This last highlighted passage gets to the heart of the matter, and defines, as much as anything, the false, and dangerous, political assumptions of the Guardian Left.

A basic understanding of Israeli history, it seems, would inspire Freedland to take note of the fact that it was the use of force, and the credible threat of force, which has protected the Jewish state from Arab efforts, over the last 64 years, to ‘throw the Jews into the sea’.  Negotiations with its enemies didn’t occur organically, but only as the result of Israeli military victories which prompted its defeated foes to grudgingly accept that they did not have the capacity to fulfill their destructive aims.

By what means, other than through military force, would Jonathan Freedland suggest should be used by Israel to defang terrorist groups in Gaza (Hamas, Islamic Jihad, Popular Resistance Committees, and others) which possess thousands of rockets and the will to martyr thousands of their citizens in the cause of Jihad?

The perception of weakness and a lack of resolve – for any nation, yet alone the tiny Jewish state –  represents a dangerous provocation.

‘Peace’, when dealing with an enemy committed to your destruction, is not a serious strategy, but merely an empty and quite dangerous platitude.

The overwhelming majority of Israelis, their passionate supporters abroad and defenders of Western democracy more broadly understand this intuitive moral and political fact. 

The cowardly Zionism of Jonathan Freedland

Cross posted by our friend Richard Millett

In his piece Yearning for the same land in this week’s New Statesman magazine prize-winning author and columnist Jonathan Freedland cites four shades of Zionism: secular, religious, left-wing and rightist.

Make that five shades: Freedland Zionism – sitting in one’s comfortable diaspora home while joining in the delegitimisation of Israel.

A May issue of the New Statesman was devoted to Who Speaks for British Jews? This week’s issue asks Israel: the future – Is the dream of a two-state solution dead?

Israel is unique in being the only country whose future, or lack of, is constantly under discussion. And who knew that ripping the heart out of Judaism by giving up places like the Machpelah in Hebron is considered a “dream”?  A necessity in return for an elusive peace maybe, but no dream.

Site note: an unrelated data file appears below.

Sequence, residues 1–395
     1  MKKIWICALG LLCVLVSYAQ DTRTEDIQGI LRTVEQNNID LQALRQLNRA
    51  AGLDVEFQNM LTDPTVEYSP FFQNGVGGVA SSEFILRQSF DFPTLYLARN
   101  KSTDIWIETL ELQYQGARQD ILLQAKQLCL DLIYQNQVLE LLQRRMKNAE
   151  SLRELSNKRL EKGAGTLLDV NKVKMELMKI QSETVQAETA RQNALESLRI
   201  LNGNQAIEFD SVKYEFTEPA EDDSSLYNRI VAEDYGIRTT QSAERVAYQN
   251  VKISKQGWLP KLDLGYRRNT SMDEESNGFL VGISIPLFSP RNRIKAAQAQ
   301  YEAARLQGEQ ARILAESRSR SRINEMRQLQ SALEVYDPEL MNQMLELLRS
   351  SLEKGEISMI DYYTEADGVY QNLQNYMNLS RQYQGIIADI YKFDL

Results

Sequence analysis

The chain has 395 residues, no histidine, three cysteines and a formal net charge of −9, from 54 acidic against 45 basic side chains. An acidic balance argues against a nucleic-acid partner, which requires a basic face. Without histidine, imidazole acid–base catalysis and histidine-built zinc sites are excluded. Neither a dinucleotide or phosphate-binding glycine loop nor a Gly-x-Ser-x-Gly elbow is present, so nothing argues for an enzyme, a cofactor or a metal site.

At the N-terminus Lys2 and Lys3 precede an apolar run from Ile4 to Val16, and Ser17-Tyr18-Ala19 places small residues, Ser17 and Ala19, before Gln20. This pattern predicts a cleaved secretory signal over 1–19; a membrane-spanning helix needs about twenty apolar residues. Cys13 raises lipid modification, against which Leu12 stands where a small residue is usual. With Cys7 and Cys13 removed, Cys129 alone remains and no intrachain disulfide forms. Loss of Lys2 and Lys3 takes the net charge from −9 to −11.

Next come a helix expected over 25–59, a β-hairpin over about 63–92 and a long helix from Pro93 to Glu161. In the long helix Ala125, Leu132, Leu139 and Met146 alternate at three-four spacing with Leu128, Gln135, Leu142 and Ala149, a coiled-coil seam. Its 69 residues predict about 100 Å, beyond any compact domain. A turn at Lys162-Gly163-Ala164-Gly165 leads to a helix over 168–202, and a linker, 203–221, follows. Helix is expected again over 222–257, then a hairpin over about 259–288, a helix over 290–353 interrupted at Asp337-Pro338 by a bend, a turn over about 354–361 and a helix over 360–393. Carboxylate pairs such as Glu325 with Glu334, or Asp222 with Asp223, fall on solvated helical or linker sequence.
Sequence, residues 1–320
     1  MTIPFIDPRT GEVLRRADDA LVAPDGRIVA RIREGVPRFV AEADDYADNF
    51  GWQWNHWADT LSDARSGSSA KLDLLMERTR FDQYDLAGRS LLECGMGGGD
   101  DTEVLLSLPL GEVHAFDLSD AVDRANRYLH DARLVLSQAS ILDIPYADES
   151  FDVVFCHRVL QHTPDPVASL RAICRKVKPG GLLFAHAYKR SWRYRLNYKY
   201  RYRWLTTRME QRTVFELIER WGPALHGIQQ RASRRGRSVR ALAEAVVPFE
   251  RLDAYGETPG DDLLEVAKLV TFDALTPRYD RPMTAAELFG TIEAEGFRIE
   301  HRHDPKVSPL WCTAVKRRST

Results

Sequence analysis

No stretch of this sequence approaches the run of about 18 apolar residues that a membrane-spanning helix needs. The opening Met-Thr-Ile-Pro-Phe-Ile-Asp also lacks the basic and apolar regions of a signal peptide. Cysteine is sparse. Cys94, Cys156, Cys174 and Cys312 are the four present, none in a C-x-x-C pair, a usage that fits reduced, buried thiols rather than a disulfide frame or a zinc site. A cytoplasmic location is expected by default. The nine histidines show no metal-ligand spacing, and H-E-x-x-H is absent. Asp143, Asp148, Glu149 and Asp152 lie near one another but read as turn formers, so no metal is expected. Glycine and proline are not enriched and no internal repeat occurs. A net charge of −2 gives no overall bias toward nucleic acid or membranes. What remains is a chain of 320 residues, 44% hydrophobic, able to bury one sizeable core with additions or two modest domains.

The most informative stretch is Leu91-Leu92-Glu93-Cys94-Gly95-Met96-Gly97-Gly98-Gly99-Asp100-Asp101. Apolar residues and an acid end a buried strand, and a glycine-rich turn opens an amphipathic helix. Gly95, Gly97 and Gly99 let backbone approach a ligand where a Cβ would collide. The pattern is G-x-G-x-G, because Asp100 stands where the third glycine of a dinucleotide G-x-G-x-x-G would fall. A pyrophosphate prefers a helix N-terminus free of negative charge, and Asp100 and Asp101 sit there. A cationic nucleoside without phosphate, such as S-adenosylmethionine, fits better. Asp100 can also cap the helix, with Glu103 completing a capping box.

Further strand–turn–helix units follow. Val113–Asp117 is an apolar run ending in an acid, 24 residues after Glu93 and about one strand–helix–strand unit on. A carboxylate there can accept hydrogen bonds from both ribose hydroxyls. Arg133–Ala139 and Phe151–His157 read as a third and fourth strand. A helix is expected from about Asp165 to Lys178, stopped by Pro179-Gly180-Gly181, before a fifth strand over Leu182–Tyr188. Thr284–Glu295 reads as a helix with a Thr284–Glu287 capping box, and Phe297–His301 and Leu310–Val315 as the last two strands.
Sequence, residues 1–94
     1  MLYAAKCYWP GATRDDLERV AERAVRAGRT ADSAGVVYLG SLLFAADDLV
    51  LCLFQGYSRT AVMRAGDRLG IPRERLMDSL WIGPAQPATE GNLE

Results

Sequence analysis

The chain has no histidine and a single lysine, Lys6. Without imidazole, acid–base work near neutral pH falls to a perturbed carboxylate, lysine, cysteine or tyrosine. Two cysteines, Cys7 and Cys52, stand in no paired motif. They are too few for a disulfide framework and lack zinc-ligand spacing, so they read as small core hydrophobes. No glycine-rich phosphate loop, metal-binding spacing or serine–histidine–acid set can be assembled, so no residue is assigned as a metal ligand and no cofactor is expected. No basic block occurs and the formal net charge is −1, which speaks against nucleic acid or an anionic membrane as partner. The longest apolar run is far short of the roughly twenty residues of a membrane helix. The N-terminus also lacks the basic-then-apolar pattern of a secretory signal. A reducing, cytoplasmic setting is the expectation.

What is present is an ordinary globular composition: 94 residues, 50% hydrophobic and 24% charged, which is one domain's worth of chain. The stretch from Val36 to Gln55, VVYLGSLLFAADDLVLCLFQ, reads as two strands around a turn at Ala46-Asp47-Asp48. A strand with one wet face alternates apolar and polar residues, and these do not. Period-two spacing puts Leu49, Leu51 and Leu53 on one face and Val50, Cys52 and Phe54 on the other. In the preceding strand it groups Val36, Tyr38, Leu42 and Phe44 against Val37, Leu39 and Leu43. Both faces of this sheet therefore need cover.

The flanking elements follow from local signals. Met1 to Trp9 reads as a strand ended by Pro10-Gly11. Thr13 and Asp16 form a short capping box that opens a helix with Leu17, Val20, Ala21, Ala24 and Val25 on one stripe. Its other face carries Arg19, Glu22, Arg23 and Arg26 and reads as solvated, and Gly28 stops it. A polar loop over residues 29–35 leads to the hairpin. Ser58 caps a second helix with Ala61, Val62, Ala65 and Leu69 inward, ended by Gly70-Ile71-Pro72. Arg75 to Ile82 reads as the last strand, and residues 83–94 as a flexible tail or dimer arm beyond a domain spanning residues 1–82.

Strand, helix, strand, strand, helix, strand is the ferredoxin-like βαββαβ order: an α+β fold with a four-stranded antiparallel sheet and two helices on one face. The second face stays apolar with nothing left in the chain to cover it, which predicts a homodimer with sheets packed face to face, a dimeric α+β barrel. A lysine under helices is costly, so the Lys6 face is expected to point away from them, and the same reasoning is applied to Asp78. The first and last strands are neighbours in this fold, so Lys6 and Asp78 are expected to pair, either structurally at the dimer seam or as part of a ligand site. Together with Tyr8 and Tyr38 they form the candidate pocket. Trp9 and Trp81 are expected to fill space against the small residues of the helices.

Freedland puts himself among the “left-leaning Zionists”. These are “true Zionists” who think that “the 45-year long occupation is jeopardising the founding Zionist goal of a Jewish, democratic state.”

Freedland doesn’t tell us why the “occupation” is threatening Israel’s Jewish and democratic status but it sounds like the scaremongering of J Street and Yachad.

Yachad, for example, claims that if Israel doesn’t withdraw from the West Bank then by 2020 the Palestinians between the Jordan River and the Mediterranean Sea will outnumber Jews. Minority autocratic rule by Jews over Palestinians will follow or, as Mick Davis, a British Jewish community leader put it recently, “Israel is heading towards an apartheid state”.

Those who cite this thesis never back it up with a source, but that is because it is just more anti-Israel propaganda; a ploy to force Israel to dangerously concede more land.

Yoram Ettinger shows how the numbers of Palestinians on the West Bank are regularly artificially inflated by at least one million and argues that Palestinians and Israeli Arabs can never make up more than 30% of those living between the River and the Sea. Freedland wouldn’t want facts to get in the way of a good story.

Freedland claims to support Israel’s right to exist. He just doesn’t like how Zionism was implemented or current Israeli policy. And he believes that “the security, viability and even the ethical character of the Jewish state matter more than its size.”

He contrasts this position with that of the “hawkish Zionists, heirs of the revisionist tradition of Vladimir Jabotinsky who are territorial maximalists, eager to fly the Israeli flag over all of the West Bank”.

So just how small does Freedland think Israel should have been?

The Peel Commission of 1937 offered the Arabs 80% of British Mandate Palestine and the Jews 20%. The Zionists accepted but Arab leaders rejected this leaving Europe’s Jews to their fate in the gas chambers.

Freedland states “Israel needs to look plainly at the circumstances of its birth and understand why Palestinians regard the event as a catastrophe.” But Arab leaders having rejected, this time, 45% of British Mandate Palestine in 1947 went on to commence hostilities against the Jews instead.

So who are the real “territorial maximalists” here?

In fact the seeds for Arab defeat in 1947-1949 were self-inflicted having been sown during the 1936-39 Arab uprising in British Mandate Palestine which was brutally crushed by the British leaving the Arabs bereft of leaders, fighters and weapons while Zionist militias used the time to build up their reserves.

Freedland then complains that there were no takers in Israel for a “national memorial day to mark the Arab dispossession”.

But why would Israelis commemorate an attempt by Arab leaders to kill them?

Despite all this Arab rejectionism Freedland then, incredibly, goes on to portray Jews and Arabs as drowning nations clinging to the same piece of driftwood. He thinks the Jews who were “gasping for breathe” were right to cling to it in 1948. After 1967, he claims Israel pushed the Palestinians off the shared driftwood and into the sea.